August 2012
Volume 12, Issue 9
Free
Vision Sciences Society Annual Meeting Abstract  |   August 2012
Exploring the relationship between the N170 inversion effect and horizontal tuning
Author Affiliations
  • Ali Hashemi
    Department of Psychology, Neuroscience, and Behaviour, McMaster University
  • Matthew V. Pachai
    Department of Psychology, Neuroscience, and Behaviour, McMaster University
  • Patrick J. Bennett
    Department of Psychology, Neuroscience, and Behaviour, McMaster University\nCentre for Vision Research, York University
  • Allison B. Sekuler
    Department of Psychology, Neuroscience, and Behaviour, McMaster University\nCentre for Vision Research, York University
Journal of Vision August 2012, Vol.12, 624. doi:10.1167/12.9.624
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      Ali Hashemi, Matthew V. Pachai, Patrick J. Bennett, Allison B. Sekuler; Exploring the relationship between the N170 inversion effect and horizontal tuning. Journal of Vision 2012;12(9):624. doi: 10.1167/12.9.624.

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      © ARVO (1962-2015); The Authors (2016-present)

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Abstract

Recent research suggests that faces contain the most information in the horizontal orientation band (Dakin & Watt, J Vis 2009), and the size of the behavioural face inversion effect (bFIE) is correlated with changes in horizontal tuning following inversion (Pachai et al., VSS 2011). Moreover, ERP studies have shown that 1) the N170 is delayed and sometimes increased in amplitude following inversion, 2) the N170 and bFIE are correlated (Jacques and Rossion, NeuroImage 2007), and 3) the N170 inversion effect decreases when horizontal information is scrambled (Jacques et al., VSS 2011). However, the question remains whether the N170 is associated with horizontal tuning, and how that association varies with face inversion. To answer these questions, observers completed a 10AFC identification task using filtered faces. In the full-face condition, faces contained information at all orientations. In the horizontal/vertical conditions, target face information was contained only in orientations within ±35 deg of horizontal/vertical; remaining orientations contained non-informative face information, so stimuli were face-like in all conditions. Initial results from 8 observers, show a bFIE only in the full-face and horizontal conditions. N170 latency, but not amplitude, depended on both orientation filtering and face orientation. Specifically, face inversion increased latency equivalently across filter conditions, whereas latency for upright faces depended on orientation filtering, with the shortest and longest latencies occurring in the full-face and vertical conditions, respectively. When we examined the relationship between the N170 inversion effect for full-faces and the change in behavioural horizontal tuning (horizontal – vertical) following inversion, we found a positive correlation for both latency (r=0.78) and amplitude (r=0.56). To date, our findings reinforce the notion that upright face identification is driven by increased efficiency in processing horizontal face information compared to vertical, and suggest an association between changes in this efficiency following inversion with changes in the N170.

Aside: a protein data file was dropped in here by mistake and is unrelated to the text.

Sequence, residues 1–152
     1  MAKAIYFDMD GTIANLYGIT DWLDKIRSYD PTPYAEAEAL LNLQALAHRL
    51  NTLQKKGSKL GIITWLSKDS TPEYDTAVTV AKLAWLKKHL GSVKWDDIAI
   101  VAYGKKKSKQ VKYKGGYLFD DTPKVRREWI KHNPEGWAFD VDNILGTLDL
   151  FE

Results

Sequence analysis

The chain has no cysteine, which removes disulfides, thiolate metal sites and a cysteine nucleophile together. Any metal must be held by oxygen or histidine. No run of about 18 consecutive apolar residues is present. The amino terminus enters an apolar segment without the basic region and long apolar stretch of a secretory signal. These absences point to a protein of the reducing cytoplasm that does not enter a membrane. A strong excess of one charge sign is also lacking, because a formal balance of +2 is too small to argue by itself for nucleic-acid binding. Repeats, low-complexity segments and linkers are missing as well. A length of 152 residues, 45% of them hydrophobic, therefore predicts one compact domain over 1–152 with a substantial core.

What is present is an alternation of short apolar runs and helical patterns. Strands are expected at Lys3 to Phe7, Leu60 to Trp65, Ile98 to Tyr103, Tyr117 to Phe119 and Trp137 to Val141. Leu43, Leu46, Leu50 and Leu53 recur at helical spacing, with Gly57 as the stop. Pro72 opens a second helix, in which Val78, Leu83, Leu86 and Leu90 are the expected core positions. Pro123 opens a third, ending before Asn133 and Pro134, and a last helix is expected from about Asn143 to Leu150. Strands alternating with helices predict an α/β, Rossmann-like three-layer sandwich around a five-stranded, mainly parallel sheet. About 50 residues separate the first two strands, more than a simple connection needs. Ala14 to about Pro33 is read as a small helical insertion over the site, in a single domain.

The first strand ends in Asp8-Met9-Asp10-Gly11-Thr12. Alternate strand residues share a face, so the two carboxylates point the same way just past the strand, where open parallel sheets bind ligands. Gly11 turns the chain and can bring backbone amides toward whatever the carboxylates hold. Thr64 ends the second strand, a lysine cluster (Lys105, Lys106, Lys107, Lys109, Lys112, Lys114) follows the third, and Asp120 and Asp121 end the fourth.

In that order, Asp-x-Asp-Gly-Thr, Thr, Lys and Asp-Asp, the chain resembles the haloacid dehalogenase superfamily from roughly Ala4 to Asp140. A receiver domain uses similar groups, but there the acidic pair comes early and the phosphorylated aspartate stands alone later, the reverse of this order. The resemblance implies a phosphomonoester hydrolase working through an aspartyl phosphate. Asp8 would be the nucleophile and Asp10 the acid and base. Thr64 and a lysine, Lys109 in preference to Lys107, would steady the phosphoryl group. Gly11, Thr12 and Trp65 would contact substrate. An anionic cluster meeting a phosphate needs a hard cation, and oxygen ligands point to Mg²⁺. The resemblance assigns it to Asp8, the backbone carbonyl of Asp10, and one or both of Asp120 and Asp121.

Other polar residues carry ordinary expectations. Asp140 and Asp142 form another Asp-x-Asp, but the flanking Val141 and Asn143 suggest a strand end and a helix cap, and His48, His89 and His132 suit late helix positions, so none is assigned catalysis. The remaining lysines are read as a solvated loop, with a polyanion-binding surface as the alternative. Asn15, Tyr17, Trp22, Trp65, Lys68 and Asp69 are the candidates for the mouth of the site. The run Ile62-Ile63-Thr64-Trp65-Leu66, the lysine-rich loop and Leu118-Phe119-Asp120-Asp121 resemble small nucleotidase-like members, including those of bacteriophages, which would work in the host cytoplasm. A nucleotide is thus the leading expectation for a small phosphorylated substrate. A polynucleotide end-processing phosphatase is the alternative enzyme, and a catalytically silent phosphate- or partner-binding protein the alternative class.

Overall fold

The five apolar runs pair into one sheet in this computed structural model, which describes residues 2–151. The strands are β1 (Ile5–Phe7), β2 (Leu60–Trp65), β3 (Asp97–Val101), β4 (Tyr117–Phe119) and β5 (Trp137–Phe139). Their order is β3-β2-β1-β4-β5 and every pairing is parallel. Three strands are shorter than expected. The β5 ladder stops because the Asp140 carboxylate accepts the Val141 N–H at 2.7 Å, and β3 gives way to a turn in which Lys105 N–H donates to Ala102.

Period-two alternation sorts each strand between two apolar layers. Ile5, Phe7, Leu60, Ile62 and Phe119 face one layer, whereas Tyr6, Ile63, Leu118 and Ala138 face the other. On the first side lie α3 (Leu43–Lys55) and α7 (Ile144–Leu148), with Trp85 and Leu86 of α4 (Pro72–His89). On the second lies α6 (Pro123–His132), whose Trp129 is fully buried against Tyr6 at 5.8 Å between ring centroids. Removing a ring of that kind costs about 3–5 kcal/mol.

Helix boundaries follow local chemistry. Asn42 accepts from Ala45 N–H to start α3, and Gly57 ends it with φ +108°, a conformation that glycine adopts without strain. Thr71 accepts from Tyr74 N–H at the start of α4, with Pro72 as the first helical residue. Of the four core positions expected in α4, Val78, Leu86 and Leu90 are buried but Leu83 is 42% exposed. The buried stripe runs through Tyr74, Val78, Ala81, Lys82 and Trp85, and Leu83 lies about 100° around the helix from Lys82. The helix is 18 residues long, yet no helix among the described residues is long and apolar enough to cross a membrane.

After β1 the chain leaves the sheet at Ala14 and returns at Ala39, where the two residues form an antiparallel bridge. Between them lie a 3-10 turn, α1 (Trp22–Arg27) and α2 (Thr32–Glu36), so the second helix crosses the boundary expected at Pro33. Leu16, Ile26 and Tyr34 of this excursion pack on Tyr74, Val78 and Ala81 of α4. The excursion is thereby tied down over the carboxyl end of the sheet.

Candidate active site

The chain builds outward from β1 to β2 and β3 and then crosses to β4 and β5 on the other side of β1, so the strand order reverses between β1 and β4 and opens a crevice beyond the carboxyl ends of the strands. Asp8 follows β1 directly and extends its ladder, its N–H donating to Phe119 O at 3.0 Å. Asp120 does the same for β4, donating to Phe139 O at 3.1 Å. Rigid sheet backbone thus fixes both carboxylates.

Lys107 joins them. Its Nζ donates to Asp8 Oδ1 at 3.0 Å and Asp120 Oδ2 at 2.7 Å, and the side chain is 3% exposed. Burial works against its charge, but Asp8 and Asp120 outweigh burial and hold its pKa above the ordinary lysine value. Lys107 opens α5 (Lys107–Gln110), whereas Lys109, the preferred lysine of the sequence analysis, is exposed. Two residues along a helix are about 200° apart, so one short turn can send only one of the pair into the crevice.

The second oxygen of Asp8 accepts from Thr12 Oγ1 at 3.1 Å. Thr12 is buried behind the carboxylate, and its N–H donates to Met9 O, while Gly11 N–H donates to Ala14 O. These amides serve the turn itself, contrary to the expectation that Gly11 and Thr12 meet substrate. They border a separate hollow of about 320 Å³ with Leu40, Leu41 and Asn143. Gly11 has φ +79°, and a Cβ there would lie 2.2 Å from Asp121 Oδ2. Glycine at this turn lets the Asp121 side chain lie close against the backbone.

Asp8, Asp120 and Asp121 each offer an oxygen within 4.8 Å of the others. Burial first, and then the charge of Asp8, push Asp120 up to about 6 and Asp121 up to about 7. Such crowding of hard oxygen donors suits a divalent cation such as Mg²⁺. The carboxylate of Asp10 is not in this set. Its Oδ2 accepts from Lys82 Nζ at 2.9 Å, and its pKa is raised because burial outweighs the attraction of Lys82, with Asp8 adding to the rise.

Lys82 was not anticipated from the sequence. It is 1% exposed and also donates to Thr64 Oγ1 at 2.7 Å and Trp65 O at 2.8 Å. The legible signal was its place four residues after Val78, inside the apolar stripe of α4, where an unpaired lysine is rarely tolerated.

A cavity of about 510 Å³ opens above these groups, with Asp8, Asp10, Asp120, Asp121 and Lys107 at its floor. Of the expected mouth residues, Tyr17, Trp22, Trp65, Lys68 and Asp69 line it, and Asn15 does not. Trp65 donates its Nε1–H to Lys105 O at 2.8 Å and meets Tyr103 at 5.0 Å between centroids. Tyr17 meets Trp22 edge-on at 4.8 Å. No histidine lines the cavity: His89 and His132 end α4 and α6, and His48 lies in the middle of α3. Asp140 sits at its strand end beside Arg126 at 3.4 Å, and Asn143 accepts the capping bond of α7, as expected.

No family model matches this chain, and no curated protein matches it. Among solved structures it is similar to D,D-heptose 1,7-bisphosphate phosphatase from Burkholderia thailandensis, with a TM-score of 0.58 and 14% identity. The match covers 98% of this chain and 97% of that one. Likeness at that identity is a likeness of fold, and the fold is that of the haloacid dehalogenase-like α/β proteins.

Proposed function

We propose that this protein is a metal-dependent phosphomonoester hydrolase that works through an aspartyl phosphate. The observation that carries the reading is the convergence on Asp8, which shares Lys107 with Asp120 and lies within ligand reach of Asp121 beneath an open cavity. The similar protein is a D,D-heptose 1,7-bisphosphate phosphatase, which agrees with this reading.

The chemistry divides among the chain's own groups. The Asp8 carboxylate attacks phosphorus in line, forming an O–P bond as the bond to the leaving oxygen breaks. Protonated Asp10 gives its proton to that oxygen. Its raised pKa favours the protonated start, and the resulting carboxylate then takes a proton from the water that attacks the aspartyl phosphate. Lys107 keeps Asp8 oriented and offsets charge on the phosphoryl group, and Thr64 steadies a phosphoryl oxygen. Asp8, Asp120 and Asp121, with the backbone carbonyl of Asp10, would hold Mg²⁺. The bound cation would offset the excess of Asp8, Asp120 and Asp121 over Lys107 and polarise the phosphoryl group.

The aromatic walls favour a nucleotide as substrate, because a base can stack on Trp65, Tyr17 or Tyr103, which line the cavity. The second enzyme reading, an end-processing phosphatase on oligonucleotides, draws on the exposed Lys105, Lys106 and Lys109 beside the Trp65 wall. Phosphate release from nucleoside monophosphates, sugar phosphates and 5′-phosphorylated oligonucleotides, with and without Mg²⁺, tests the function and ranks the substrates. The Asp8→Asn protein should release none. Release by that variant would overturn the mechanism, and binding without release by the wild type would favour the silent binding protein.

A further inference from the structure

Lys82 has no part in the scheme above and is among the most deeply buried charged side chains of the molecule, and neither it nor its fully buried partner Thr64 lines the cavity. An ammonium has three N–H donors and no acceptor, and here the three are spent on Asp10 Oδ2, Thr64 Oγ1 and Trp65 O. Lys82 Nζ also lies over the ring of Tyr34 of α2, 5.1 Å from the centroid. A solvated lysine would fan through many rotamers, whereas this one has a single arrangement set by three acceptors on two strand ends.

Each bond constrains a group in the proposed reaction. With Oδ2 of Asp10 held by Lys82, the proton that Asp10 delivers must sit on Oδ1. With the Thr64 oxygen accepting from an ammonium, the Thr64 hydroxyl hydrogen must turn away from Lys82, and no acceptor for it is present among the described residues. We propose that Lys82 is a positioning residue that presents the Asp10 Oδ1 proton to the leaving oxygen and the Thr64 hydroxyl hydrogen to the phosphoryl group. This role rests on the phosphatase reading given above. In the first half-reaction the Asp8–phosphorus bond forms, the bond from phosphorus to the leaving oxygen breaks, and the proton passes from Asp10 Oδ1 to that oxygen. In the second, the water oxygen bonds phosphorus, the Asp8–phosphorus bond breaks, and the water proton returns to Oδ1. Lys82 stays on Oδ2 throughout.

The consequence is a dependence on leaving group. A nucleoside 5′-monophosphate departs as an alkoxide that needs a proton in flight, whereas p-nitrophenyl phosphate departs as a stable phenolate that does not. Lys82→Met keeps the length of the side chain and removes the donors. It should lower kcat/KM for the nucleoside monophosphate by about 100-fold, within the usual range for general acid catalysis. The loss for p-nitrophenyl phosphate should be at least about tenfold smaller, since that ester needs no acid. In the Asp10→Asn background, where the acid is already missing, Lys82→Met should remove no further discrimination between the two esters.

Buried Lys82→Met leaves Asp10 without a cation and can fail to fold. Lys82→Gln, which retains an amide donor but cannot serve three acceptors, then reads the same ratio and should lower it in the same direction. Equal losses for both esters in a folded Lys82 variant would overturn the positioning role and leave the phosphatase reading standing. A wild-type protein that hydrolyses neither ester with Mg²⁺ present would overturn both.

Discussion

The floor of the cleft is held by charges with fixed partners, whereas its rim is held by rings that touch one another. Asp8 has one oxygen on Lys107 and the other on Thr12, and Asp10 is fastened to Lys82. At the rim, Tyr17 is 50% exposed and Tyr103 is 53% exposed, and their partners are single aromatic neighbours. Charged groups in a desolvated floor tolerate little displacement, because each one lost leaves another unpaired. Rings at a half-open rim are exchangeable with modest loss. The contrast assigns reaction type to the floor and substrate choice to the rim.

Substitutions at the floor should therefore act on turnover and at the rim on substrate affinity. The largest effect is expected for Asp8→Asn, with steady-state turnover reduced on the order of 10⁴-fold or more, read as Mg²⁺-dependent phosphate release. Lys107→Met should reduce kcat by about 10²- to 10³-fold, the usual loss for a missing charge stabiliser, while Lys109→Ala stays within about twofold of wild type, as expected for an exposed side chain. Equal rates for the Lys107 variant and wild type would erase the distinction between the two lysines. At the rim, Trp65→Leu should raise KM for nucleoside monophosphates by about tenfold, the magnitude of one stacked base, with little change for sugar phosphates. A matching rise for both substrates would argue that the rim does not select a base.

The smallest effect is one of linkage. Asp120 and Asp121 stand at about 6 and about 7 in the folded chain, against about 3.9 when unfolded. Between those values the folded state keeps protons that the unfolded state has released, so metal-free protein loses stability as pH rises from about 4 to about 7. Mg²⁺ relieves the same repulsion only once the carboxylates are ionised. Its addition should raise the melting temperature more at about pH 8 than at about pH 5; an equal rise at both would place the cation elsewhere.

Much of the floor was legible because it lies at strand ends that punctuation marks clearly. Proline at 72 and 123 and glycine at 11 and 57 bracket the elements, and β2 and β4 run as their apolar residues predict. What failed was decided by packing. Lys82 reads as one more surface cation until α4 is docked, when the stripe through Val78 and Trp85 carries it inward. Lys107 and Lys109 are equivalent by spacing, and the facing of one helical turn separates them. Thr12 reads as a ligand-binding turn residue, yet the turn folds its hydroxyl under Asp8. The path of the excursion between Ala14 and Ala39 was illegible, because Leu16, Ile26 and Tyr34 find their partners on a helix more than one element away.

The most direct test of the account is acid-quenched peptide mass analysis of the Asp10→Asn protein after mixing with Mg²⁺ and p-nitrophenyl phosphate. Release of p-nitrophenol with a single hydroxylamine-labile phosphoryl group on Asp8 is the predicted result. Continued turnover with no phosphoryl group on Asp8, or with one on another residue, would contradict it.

Meeting abstract presented at VSS 2012

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